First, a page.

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ERIC Number: ED454547
Record Type: Non-Journal
Publication Date: 2001-May
Pages: 61
Abstractor: N/A
Reference Count: N/A
Improving Students' Decoding Skills through the Use of Direct Instruction.
Carlson, Renee; Leonard, Susan; Matheis, Linda; Wilson, Bob
This study describes a program designed to increase reading strategies in the first grade. The targeted population consisted of first grade students in a growing urban community in the Midwest. Evidence for the existence of the problem included records of low district and building reading assessments and academic grades to measure reading progress, a parent survey to assess awareness of their child's reading habits, and child surveys to assess their views of themselves as readers. Analysis of probable causes was evidenced by teachers' observations of students coming to class with a lack of readiness skills and phonemic awareness, a lack of parental involvement, and a low socioeconomic background. Teachers have also noted that whole language strategies used in the classroom were not an appropriate strategy for certain students. A review of solution strategies suggested by cited authors, combined with an analysis of the problem setting, resulted in the selection of three categories of intervention: implementation of direct instruction to improve decoding skills; development of a newsletter to increase parental awareness and involvement; and the selection of various comprehension techniques to improve students' reading skills. Based on the presentation and analysis of the data on decoding skills and comprehension skills, the students showed improvement in all areas. Post test results showed an average improvement of 45% in students' decoding skills. Ideally, students would grow academically at least one month of growth for each month of instruction. Students showed a growth rate of 4 months in a 3-month period. (Contains 23 references and 6 tables of data. Appendixes contain 3 "monthly reader" newsletters; blank story maps; and a reading habits survey.) (Author/RS)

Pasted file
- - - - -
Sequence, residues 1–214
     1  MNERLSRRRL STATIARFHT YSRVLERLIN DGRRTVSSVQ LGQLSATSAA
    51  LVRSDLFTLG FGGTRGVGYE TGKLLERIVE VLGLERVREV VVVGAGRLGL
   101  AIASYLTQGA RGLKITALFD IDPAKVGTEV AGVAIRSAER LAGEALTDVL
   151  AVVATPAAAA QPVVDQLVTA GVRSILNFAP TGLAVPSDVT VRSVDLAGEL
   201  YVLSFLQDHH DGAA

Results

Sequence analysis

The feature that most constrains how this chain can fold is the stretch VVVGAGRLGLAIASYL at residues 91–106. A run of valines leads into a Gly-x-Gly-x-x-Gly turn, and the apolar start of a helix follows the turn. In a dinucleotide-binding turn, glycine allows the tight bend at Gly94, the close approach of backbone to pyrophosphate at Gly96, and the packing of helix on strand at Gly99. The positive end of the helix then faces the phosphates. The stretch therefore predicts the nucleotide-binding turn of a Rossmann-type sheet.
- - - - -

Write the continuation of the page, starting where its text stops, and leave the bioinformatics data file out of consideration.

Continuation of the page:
Publication Type: Dissertations/Theses
Education Level: N/A
Audience: N/A
Language: English
Sponsor: N/A
Authoring Institution: N/A